Season-by-season records[edit]


  • 2000–2001: 24–20, W 1st rd. Tampa Bay 117–112, W 2nd rd. Indiana 119–105, W Finals Chicago 107–91
  • 2001–2002: 11–17, L 1st round Phoenix 112–97
  • 2002–2003: did not play
  • 2003–2004: 4–8, missed playoffs
  • 2004–2005: 4–8, missed playoffs
  • 2005–2006: 6–17, missed playoffs
  • 2006–2007: 16–10, did not participate in playoffs
  • 2007–2008: did not play


  • 2008–2009: 6–14

Final roster[edit]

Head Coach: Terry Sare

# Pos. Ht. Player Acquired College
1 United States PG 5'11 Giovanni Riley 2008 Wisconsin-Whitewater
3 United States PG 6'0 Brian Woodland 2008 Henderson State
5 United States PF 6'8 Willie Mitchell 2008 Alabama-Birmingham
10 United States SF 6'7 David Myers 2008 Michigan
11 United States PG 6'2 Reginald Riley 2008 Newman
14 United States SF 6'6 Tyrone Mack 2008 Northwestern
22 United States SG 6'3 Kyle Johnson 2008 Wisconsin
23 United States SF 6'5 Jasen Hunt 2008 Central State
30 United States SG 6'4 Micah Kirstein 2008 St. Francis (IL)
33 United States SG 6'5 Stane's Bufford 2008 Western Michigan
44 United States C 6'6 Corey Gupton 2008 Park
45 United States C 6'9 Justin Fiori 2008 Schoolcraft

2009 season schedule[edit]

Date Opponent Home/Away Score High points High rebounds High assists Location/Attendance Record
January 3 Mid-Michigan Destroyers Home 109-114 Brian Woodland (27) Brian Woodland & David Myers (7) Reginald Riley (5) Groves High School 1-0
January 4 Chicago Throwbacks Home 110-106 Corey Gupton (22) Stane's Bufford (9) Brian Woodland & Micah Kirstein (5) Groves High School 1-1
January 10 Mid-Michigan Destroyers Away 107-102 Stane's Bufford (26) Willie Mitchell (8) Brian Woodland (7) Bay City Western High School 2-1
January 17 Battle Creek Knights Away 101-109 Stane's Bufford (26) Willie Mitchell (10) Brian Woodland (4) Kellogg Arena 2-2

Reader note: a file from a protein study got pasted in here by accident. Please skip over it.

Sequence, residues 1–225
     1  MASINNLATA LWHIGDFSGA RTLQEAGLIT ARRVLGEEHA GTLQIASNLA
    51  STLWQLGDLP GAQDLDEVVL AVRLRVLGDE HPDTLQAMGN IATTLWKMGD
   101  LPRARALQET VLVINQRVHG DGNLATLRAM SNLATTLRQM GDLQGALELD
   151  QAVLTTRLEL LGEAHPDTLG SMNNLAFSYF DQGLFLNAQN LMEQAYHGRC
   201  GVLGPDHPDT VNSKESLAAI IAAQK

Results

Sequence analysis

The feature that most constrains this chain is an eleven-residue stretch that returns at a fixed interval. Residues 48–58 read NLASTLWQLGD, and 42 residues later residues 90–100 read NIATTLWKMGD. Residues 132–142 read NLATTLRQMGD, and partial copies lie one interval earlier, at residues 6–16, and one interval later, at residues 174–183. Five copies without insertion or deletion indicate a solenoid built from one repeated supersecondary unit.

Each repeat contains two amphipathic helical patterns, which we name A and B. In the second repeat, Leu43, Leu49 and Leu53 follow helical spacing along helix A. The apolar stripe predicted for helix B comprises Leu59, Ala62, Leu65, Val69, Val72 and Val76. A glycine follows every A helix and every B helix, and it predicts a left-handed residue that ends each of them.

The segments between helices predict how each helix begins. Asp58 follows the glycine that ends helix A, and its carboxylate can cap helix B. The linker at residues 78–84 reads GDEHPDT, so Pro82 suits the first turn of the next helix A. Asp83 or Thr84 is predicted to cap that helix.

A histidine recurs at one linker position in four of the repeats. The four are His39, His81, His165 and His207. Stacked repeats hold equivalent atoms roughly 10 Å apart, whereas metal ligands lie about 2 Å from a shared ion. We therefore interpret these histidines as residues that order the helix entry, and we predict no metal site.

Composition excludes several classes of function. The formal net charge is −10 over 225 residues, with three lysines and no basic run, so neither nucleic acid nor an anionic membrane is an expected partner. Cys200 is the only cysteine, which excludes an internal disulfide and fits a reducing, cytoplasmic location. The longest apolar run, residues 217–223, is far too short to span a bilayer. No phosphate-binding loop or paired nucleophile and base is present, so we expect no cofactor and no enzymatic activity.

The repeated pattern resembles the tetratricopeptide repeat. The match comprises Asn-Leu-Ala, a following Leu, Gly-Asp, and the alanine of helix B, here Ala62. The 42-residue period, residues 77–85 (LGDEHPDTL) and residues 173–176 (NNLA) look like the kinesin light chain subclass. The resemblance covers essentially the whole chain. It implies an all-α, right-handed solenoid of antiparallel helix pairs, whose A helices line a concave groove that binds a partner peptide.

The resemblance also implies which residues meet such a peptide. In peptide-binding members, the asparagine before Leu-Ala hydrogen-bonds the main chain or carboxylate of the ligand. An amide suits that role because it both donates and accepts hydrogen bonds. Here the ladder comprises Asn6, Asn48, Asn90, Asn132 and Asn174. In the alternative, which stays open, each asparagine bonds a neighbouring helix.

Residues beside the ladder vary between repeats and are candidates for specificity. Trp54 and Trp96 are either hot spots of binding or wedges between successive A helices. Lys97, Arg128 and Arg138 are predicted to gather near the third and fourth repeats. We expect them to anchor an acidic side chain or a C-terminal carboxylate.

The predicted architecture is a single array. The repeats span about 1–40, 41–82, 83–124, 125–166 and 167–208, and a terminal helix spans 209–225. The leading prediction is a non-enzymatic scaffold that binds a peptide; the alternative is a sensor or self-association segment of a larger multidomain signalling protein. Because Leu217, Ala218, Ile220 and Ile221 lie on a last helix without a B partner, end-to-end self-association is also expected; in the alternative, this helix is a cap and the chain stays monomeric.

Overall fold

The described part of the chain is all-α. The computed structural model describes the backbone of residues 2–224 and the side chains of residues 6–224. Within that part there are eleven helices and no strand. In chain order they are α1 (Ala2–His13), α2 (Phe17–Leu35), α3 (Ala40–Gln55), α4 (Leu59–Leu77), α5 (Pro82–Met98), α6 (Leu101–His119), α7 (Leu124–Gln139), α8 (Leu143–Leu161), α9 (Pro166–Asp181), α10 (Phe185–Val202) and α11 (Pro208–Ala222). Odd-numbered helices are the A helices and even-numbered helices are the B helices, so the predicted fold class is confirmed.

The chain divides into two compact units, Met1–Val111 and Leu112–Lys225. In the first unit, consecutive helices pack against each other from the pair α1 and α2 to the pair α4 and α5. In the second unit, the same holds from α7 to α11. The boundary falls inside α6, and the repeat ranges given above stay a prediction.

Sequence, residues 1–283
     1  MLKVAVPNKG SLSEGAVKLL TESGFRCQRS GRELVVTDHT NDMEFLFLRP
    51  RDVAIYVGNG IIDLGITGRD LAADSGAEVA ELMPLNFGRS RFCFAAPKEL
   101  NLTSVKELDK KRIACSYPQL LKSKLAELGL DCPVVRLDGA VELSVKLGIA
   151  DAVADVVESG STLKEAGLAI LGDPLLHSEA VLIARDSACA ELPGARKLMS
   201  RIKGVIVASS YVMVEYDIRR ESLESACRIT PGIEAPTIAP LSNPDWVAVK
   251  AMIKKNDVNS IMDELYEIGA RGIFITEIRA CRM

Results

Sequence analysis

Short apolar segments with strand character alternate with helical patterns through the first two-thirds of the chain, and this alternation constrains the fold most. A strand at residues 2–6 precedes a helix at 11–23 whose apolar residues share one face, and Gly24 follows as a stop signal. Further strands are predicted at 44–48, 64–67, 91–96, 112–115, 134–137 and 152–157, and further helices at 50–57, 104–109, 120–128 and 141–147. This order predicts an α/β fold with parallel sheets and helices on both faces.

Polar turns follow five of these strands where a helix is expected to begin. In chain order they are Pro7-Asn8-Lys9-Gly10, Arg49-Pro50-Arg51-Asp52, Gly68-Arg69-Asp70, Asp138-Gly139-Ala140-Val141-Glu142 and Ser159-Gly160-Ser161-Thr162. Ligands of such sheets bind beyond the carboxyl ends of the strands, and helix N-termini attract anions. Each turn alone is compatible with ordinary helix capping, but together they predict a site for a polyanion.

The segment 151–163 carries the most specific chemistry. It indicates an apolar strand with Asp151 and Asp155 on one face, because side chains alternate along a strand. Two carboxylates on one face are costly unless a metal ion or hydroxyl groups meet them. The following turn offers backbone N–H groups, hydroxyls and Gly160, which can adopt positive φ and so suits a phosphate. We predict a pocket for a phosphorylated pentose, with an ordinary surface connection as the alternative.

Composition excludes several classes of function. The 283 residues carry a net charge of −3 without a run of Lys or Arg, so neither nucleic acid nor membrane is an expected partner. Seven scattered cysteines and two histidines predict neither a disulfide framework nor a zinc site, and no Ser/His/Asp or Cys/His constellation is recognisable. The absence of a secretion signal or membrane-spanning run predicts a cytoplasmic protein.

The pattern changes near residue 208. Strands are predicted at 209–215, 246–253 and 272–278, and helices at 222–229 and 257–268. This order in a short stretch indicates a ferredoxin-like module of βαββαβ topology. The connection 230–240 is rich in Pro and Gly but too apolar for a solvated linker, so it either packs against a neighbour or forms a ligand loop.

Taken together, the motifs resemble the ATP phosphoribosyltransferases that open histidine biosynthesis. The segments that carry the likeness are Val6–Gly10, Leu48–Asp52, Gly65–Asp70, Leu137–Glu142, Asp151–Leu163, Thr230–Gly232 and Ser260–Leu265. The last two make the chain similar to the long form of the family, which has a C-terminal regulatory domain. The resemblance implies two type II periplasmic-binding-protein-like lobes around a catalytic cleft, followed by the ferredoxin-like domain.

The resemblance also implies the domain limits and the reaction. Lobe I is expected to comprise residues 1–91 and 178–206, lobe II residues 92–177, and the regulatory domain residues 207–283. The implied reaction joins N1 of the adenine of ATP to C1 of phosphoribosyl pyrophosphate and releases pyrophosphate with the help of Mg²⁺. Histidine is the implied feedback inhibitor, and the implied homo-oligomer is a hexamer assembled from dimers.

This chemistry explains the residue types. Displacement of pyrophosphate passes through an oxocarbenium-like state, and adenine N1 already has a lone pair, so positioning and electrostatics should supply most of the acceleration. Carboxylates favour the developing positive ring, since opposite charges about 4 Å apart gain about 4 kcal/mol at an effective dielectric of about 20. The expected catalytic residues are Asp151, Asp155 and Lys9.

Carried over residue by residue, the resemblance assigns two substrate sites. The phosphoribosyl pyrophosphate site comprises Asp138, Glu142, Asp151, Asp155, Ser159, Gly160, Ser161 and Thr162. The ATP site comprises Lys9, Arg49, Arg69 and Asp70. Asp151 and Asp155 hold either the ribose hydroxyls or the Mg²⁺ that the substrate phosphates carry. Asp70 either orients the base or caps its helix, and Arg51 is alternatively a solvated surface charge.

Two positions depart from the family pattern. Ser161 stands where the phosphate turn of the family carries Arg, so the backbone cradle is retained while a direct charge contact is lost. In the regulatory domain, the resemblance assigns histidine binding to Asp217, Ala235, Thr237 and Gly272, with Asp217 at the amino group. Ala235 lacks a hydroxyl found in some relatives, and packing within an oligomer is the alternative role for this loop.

January 18 Chicago Throwbacks Away 107-119 James Head (17) James Head (10) Giovanni Riley (3) Attack Athletics 2-3
January 24 Augusta Groove Home 131-115 Stane's Bufford (27) Willie Mitchell (10) Giovanni Riley (9) Groves High School 2-4
January 31 Battle Creek Knights Home 119-106 Brian Woodland (20) James Head (9) Brian Woodland (8) Groves High School 2-5
February 8 Chicago Throwbacks Home 114-113 Stane's Bufford (28) Chuck Bailey (8) Randy Gill (7) Groves High School 2-6
February 13 Halifax Rainmen Away 89-100 Stane's Bufford (22) Chuck Bailey (13) Randy Gill (11) Halifax Metro Centre 2-7
February 15 Wilmington Sea Dawgs Away 95-101 Stane's Bufford (27) Chuck Bailey (13) Randy Gill (3) Schwartz Center 2-8
February 20 Battle Creek Knights Away 133-143 Randy Gill (35) Chuck Bailey (14) Randy Gill (5) Kellogg Arena 2-9
February 22 Mid-Michigan Destroyers Away 118-103 Chuck Bailey (30) Walter Waters (17) Brian Woodland (10) Western High School 3-9
February 28 Battle Creek Knights Home 108-110 Randy Gill (35) Chuck Bailey (15) Randy Gill (14) Groves High School 4-9
March 6 Chicago Throwbacks Away 123-116 Brian Woodland (30) Randy Gill (5) Randy Gill (3) Attack Athletics 5-9
March 8 Montreal Sasquatch Home 115-119 Stane's Bufford (26) Michael Manciel & Walter Waters (13) Stane's Bufford (6) Groves High School 6-9
March 15 Augusta Groove Home 136-132 Walter Waters (28) Walter Waters (15) Brian Woodland & Randy Gill (7) Groves High School 6-10
March 21 Augusta Groove Away 119-123 Brian Woodland (45) Michael Manciel (12) Oscar Sanders (5) Richmond Academy 6-11
March 22 Wilmington Sea Dawgs Home* 110-91 Stane's Bufford (29) Walter Waters (12) Michael Manciel & Brian Woodland (3) Brunswick Community College 6-12
March 28 Wilmington Sea Dawgs Home 107-103 Stane's Bufford (31) Walter Waters (11) Brian Woodland (6) Groves High School 6-13
March 29 Wilmington Sea Dawgs Home 121-104 Brian Woodland (41) Walter Waters (16) Stane's Bufford (9) Groves High School 6-14

* Both Wilmington and Detroit need to make up a game, so Detroit is home for the game although it will be played very near Wilmington's home gym.


External links[edit]